Is College Tuition Overpriced?

Two days ago I returned to Denver from having toured several selective midwestern private liberal arts colleges with one of my student clients. Each school is on the small side (averaging 2000 students or less), each has a reputation as a fine institution, with multiple factoids of distinction, such as freshman retention rates, graduation rates, percent employed after graduation, etc., and three were even profiled in that overly-touted 2006 tome Colleges That Change Lives.

Two of the four institutions charged students in the current (2010-11) first-year class just under $50,000 for tuition, room, board and fees, and two charged about $52,000. Are these charges worth it in terms of quality of experience and value of degree? Are they worth generating debt that will trail behind graduates and their families for years, perhaps decades to come? I think not, and I’m far from being the only college commentator who thinks so.

Many higher education journalists and bloggers observe that college costs have exceeded the inflationary spiral of health care costs in the U.S., and some forecast a course reversal that will rival what followed after the recent mortgage-bank crisis and consequent recession. So what will stop the craziness? Families that refuse the hype and demand accountability for fees, and students who agree to attend the best college that their parents (and they themselves) can reasonably afford.

I wholeheartedly agree with the advice given by one financial aid expert whom I recently heard at a public forum. He suggested that parents and students have an open talk about what is affordable well before a college list is assembled. Students can apply wherever they wish, within reason, but attendance is predicated on the total cost of attendance quoted by colleges after all discounting from grants, awards, and scholarships is reviewed.

The smart and talented student-client (a junior) who accompanied me on the trip hales from a regular middleclass Colorado family, and she has a sibling who will likely begin college during her third year of attendance. If costs continue to increase I am certain that she will be facing $60,000 in fees at the kind of college she hopes at attend, and her parents will have a dual burden for at least two years. I plan to advise her to apply widely, both in-state and out, and to seriously consider her best offers only. If this posture becomes the norm, colleges will need to take note, and adjust their pricing accordingly.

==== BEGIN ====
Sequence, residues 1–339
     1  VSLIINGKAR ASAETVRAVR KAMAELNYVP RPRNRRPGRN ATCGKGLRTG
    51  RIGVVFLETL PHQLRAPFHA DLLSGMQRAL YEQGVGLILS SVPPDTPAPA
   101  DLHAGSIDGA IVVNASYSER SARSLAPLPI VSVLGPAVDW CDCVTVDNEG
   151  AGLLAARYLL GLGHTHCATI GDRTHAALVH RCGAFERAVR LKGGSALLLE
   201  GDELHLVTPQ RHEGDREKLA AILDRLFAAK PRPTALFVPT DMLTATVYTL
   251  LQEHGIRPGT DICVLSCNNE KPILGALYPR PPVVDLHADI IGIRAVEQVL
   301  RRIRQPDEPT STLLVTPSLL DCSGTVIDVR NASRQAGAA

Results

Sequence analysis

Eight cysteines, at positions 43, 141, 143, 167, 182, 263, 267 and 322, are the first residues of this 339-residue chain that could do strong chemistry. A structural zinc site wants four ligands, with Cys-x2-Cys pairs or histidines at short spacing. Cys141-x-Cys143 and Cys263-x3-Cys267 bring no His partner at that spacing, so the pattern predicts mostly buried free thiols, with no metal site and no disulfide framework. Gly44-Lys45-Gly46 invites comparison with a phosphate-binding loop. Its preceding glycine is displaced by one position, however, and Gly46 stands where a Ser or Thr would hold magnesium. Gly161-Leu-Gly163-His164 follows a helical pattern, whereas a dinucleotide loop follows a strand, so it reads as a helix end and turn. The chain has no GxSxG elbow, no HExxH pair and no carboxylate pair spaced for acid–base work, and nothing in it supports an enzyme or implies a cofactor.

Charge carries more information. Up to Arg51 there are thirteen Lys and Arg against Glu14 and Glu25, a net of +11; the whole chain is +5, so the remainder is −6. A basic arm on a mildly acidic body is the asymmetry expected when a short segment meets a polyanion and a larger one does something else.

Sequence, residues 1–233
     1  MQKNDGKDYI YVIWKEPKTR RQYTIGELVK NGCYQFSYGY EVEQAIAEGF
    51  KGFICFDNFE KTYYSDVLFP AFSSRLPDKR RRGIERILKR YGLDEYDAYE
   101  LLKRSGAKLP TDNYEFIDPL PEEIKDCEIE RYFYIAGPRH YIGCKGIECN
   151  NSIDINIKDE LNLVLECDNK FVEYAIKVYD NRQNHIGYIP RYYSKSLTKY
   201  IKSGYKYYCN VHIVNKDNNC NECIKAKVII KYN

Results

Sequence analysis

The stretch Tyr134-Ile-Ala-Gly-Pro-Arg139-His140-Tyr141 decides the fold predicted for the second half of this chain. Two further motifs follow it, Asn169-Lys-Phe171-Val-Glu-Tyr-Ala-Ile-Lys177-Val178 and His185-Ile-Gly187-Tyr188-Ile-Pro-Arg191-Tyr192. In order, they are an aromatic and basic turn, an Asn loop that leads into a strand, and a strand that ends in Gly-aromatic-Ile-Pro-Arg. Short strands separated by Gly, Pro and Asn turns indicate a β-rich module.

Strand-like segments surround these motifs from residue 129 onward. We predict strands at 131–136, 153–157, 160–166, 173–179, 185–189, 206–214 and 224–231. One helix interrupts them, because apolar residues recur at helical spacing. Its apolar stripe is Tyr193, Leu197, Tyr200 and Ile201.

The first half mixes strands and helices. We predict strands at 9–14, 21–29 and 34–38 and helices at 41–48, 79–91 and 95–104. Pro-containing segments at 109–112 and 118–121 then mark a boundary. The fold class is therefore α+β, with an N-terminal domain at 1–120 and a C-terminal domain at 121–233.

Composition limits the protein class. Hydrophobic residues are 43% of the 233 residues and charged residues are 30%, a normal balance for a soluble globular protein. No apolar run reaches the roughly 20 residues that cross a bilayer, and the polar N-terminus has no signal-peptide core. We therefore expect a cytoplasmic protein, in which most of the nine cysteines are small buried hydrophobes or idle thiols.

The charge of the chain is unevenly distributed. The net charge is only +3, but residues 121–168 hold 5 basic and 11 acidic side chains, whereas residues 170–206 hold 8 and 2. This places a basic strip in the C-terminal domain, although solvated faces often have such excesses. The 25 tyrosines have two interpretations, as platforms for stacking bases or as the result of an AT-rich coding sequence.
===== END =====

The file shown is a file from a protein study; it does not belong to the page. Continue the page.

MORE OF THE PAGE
Financial Aid and Recession

College bound high school seniors, their parents, and college officials are typically anxious at this time of year regarding admission decisions, aid packages, and what colleges call “yield,” which is the size of the incoming freshman class after offers are made, accepted and declined.  Due to the deepening recession, this season those anxieties are significantly magnified.

Here is a quick overview of what national education sources are saying about the status of financial aid for college in 2009, along with some tips for making the best of the situation. Happily, there is actually some good news despite the gloomy economic picture at present!

 Good News:

The best news is that federally funded student loans are secure and have been affirmed by recent congressional legislation; in fact, funding has been expanded somewhat. This applies to Stafford loans, Perkins loans and PLUS loans.

 Many families will qualify for the American Opportunity Tax Credit included in the recently passed stimulus package, a potential credit of $2500.

 Colleges are aware of and concerned about the ability of families to afford the cost of higher education in the current climate.  As a result, most are trying to contain costs (60% of U.S. colleges have hiring freezes at present), striving to limit the extent of tuition increases, and in some cases, attempting to increase institutional aid packages.

 Not Such Good News:

Private college loans are now much harder to come by and carry less desirable terms than in the past.  These have been affected in much the same way as other forms of credit, unlike federal student loans, which are guaranteed by the government.  

 The continued stability of federal grants, such as Pell grants, may be tenuous, as more families are now eligible given the drop in net worth for most Americans.  While increased eligibility is positive, it is also possible that the unanticipated increase in demand will negatively affect the availability and the size of future grants.

 Virtually all colleges provide aid on their own, based on unmet need as well as merit.  Given the particular strains faced by public institutions that rely on state funding, and different strains faced by private colleges (in the form of decreased donations and diminished endowments), institutional award packages may not match what students have been offered in the past.

 Tips for maximizing aid in the present environment: apply early, shop around for the best offers and packages, appeal award decisions whenever circumstances change, and definitely ask about the financial health of the institution when visiting campus.  Also beware of financial aid scams in the present environment.  Check out “too good to be true” private offers with the financial aid office at your college.  Also check into the background of private entities that promise to secure questionable levels of aid.